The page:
• Dec 1 2021
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  • Category: CAFC Updates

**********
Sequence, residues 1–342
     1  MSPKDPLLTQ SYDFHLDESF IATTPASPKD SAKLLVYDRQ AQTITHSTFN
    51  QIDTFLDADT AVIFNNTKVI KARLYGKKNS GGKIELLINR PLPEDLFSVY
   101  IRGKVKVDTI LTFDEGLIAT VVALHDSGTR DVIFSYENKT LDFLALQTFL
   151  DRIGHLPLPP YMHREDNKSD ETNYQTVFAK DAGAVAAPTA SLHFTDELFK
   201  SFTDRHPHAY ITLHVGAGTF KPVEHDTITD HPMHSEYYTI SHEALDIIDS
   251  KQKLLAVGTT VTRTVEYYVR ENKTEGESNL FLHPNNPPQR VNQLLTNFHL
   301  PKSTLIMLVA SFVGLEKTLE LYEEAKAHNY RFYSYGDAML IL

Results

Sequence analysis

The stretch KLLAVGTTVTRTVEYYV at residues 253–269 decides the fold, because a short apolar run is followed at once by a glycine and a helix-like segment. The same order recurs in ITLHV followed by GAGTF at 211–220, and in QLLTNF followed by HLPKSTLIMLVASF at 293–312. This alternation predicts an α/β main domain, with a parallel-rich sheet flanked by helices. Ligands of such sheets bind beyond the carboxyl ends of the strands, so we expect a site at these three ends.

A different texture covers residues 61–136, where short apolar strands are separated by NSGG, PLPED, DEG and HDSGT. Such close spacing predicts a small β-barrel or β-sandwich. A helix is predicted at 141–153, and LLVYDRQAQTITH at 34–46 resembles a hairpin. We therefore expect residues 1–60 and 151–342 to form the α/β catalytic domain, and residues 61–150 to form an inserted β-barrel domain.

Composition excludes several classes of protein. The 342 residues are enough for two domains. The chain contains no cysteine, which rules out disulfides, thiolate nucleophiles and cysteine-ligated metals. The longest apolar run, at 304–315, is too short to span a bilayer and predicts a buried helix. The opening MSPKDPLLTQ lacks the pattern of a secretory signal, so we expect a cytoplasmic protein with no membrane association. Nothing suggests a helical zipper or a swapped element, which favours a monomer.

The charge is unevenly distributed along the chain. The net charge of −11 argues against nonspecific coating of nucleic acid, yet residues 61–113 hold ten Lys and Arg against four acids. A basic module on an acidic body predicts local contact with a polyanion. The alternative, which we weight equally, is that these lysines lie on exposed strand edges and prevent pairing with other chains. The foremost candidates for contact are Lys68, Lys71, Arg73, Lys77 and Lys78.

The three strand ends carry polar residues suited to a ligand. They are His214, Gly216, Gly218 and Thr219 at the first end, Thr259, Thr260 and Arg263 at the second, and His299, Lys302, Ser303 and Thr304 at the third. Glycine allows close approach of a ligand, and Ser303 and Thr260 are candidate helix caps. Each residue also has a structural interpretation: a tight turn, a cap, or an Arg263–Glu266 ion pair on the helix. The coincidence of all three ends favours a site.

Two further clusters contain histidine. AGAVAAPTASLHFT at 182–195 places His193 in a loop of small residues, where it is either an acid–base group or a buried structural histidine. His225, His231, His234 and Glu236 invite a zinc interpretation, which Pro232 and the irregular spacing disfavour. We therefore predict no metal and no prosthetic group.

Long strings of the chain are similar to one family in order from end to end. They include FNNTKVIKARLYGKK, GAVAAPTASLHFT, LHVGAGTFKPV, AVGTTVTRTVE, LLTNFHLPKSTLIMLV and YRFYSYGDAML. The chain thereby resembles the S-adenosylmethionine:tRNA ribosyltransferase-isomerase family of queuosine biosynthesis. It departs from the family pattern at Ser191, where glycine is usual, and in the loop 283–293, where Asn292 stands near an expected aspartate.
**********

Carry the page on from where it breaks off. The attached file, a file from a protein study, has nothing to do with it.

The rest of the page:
Moderna appeals from the Board’s IPR decision holding that certain claims of U.S. Patent 9,364,435 are not unpatentable as obvious, and Arbutus cross-appeals from the Board’s decision holding that certain claims are unpatentable as anticipated. The ’435 patent is directed to stable nucleic acid-lipid particles (SNALP) comprising a nucleic acid (such as one or more interfering RNA), methods of making the SNALP, and methods of administering the SNALP. On the issue of standing, the CAFC notes that Moderna’s participation in the underlying IPR before the Board is insufficient by itself to confer standing to appeal to the CAFC, but rather Moderna must show that standing existed at the time it filed its appeal and has continued to exist at all times throughout the appeal. Moderna argued that royalty and milestone obligations owed for sublicenses of the ’435 patent relating to its active development program relating to a Respiratory Syncytial Virus (“RSV”) target caused harm to Moderna by increasing the financial burdens on Moderna’s RSV development program. Once that RSV program terminated, Moderna argued its ongoing development of a vaccine for COVID-19 and Arbutus’s consistent insistence that Moderna requires a license to Arbutus’s patents created a significant risk that Arbutus would sue for patent infringement. The CAFC finds that, even if Moderna had standing at the time it filed this appeal, Moderna has failed to demonstrate that it continuously had standing throughout the pendency of the appeal. Under the CAFC’s precedent, an intervening abandonment of the controversy produces loss of jurisdiction, and Moderna’s evidence fails to show whether, by the time the RSV development program was terminated, Moderna was already sufficiently underway with its development of a COVID-19 vaccine to create a substantial risk of future infringement or likely cause the patentee to assert a claim of infringement. Finding that Moderna failed to meet its burden on its standing to pursue this appeal, their appeal is dismissed. Regarding Arbutus’s cross appeal, the question for the Board was whether the prior art discloses at least one composition that falls within the claimed ranges, and because the CAFC finds that substantial evidence supports the Board’s decision, they affirm.

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